Why? A Serious Health Condition under the FMLA – Part 1.

Given what we covered last time, it should come as no surprise to any of you that we are now going to dig into the reasons for leave a bit.  What we should do is start with the birth of a child, but we are not going to.  Why, you ask?  I will tell you . . . because that is not the order the DOL wrote the regulations.  They start with serious health condition, so we will too.

So as you will recall, an eligible employee of a covered employer is entitled to take FMLA leave if the employee has a serious health condition or if the employee needs to care for a spouse, child or parent with a serious health condition.  That begs the question: What is a serious health condition?

According to the regulations:

(a) For purposes of FMLA, serious health condition entitling an employee to FMLA leave means an illness, injury, impairment or physical or mental condition that involves inpatient care as defined in §825.114 or continuing treatment by a health care provider as defined in §825.115.

29 CFR §825.113(a).

Ok, so a serious health condition is an “illness, injury, impairment or physical or mental condition.”  That is part 1.  And it involves either “inpatient care” or “continuing treatment” by a “health care provider.”   That is part 2.

So before we get to the definition of those terms, as we will obviously have to do, we have some other terms, and some caveats and some limiters.  No kidding!

First, new definition – what does incapacity mean?  Who cares, you say?  I don’t see incapacity anywhere in that definition you just gave us, you say.  True, you don’t, but it is going to be important when we get to the definition of “continuing treatment” so of course the DOL put it here.

(b) The term incapacity means inability to work, attend school or perform other regular daily activities due to the serious health condition, treatment therefore, or recovery therefrom.

29 CFR §825.113(b).

Now that is important, but it is important later, so we will come back to it.  Remind me, will you?  Now for the caveats and limiters.

(c) The term treatment includes (but is not limited to) examinations to determine if a serious health condition exists and evaluations of the condition. Treatment does not include routine physical examinations, eye examinations, or dental examinations. A regimen of continuing treatment includes, for example, a course of prescription medication (e.g., an antibiotic) or therapy requiring special equipment to resolve or alleviate the health condition (e.g., oxygen). A regimen of continuing treatment that includes the taking of over-the-counter medications such as aspirin, antihistamines, or salves; or bed-rest, drinking fluids, exercise, and other similar activities that can be initiated without a visit to a health care provider, is not, by itself, sufficient to constitute a regimen of continuing treatment for purposes of FMLA leave.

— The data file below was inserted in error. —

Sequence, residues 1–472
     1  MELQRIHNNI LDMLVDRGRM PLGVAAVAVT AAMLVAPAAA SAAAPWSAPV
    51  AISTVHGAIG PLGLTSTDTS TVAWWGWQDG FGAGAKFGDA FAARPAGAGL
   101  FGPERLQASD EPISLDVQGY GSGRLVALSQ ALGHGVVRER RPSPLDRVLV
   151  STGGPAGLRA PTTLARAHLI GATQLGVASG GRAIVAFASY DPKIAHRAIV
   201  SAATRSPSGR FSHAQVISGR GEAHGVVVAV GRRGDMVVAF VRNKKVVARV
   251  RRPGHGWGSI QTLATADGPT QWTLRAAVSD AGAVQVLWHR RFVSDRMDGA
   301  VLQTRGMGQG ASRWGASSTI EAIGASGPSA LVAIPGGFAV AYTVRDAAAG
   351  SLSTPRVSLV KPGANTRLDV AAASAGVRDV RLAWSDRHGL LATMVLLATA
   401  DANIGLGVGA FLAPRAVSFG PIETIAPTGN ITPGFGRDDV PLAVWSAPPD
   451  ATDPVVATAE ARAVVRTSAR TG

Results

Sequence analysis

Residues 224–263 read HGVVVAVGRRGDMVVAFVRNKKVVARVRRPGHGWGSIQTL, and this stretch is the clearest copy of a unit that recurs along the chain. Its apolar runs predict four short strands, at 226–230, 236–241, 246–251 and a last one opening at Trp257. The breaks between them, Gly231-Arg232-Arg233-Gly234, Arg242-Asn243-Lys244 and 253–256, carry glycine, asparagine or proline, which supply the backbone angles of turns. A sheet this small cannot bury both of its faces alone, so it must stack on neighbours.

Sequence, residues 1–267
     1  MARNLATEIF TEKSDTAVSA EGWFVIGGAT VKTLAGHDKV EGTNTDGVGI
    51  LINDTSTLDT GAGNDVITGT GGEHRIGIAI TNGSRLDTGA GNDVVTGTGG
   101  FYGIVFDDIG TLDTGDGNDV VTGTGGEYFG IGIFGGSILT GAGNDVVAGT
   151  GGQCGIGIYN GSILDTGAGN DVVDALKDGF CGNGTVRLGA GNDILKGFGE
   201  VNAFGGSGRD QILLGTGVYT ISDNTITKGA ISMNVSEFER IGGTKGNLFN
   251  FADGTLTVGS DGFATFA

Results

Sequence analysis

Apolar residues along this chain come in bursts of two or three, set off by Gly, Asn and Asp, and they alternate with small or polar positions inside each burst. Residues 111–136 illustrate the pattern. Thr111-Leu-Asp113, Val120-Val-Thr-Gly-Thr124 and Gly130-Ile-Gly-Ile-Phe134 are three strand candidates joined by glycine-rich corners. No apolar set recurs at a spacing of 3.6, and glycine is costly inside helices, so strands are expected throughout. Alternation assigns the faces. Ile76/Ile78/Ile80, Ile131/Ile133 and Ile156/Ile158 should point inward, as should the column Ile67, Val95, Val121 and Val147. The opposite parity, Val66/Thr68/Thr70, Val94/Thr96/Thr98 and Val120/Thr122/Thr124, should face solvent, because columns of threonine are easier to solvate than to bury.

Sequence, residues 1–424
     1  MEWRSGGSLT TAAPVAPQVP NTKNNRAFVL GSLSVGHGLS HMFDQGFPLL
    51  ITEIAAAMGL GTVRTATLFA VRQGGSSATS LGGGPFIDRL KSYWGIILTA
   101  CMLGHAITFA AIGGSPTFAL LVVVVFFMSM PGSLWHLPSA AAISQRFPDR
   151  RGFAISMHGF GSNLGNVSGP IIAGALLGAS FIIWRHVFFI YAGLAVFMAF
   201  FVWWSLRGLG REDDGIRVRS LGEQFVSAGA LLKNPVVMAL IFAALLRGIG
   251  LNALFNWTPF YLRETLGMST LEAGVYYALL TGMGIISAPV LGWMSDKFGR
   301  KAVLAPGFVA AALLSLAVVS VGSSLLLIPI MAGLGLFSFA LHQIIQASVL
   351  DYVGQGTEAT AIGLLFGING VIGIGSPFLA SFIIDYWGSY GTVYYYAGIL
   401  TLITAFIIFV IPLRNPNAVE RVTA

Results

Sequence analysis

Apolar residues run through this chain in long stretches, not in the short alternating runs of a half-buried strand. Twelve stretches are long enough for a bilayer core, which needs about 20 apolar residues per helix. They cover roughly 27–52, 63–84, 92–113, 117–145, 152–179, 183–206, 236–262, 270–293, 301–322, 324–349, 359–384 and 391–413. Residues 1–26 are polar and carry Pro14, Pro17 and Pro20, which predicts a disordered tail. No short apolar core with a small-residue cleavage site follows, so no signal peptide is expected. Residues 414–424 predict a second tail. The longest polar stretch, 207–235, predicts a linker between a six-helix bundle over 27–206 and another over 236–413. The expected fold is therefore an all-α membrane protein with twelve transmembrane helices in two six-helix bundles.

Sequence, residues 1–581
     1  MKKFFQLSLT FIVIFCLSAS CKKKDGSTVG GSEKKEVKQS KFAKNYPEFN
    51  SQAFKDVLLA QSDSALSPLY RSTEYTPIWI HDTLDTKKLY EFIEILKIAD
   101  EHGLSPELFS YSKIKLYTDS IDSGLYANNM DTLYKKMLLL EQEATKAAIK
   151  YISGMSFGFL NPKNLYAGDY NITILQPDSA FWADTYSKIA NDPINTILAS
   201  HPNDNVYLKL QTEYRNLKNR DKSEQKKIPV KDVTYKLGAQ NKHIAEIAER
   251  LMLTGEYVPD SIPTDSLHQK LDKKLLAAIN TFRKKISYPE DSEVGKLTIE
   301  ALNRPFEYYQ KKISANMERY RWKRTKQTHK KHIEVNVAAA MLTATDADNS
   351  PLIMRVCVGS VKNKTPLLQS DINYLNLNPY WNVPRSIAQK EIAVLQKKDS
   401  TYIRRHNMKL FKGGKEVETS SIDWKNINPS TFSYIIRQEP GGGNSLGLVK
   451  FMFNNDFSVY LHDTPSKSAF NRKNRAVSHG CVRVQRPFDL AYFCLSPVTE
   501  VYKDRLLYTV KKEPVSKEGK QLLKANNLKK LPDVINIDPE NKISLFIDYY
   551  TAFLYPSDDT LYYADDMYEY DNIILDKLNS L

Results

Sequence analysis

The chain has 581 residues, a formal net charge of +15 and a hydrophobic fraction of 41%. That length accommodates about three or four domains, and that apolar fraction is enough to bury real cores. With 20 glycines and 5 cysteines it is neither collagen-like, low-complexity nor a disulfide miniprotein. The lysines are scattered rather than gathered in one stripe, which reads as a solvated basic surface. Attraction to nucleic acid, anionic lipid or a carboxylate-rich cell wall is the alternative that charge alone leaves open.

29 CFR §825.113(c)

First thing you notice is we are talking about treatment again.  So treatment includes examinations to find out if you have a serious health condition and to evaluate the condition.  It is not a routine physical or other preventative sort of visits to the doctor.  A regimen of “continuing treatment” is prescription medication or therapy, but it is not taking over-the-counter medication or, for example, “getting plenty of rest and drinking plenty of fluids.”  So taking a couple of aspirins is not continuing treatment even if the doctor tells you to do it.  Again, that is going to be important so we will come back to it.

Finally, cosmetic treatments are not serious health conditions.

(d) Conditions for which cosmetic treatments are administered (such as most treatments for acne or plastic surgery) are not serious health conditions unless inpatient hospital care is required or unless complications develop. Ordinarily, unless complications arise, the common cold, the flu, ear aches, upset stomach, minor ulcers, headaches other than migraine, routine dental or orthodontia problems, periodontal disease, etc., are examples of conditions that do not meet the definition of a serious health condition and do not qualify for FMLA leave. Restorative dental or plastic surgery after an injury or removal of cancerous growths are serious health conditions provided all the other conditions of this regulation are met. Mental illness or allergies may be serious health conditions, but only if all the conditions of this section are met.

29 CFR §825.113(b).

So basic cosmetic treatments are not serious health conditions . . . unless (hey, that is a caveat to a caveat, leave it to the DOL!) “inpatient hospital care is required or unless complications develop.”  Headaches are not serious health conditions unless they are migraines (another caveat to a caveat).  And finally, mental illness or allergies are serious health conditions if the conditions contained in section 113 are met.  OK, I get that, but who bunches mental illness and allergies together like they are the same thing?  Only the DOL.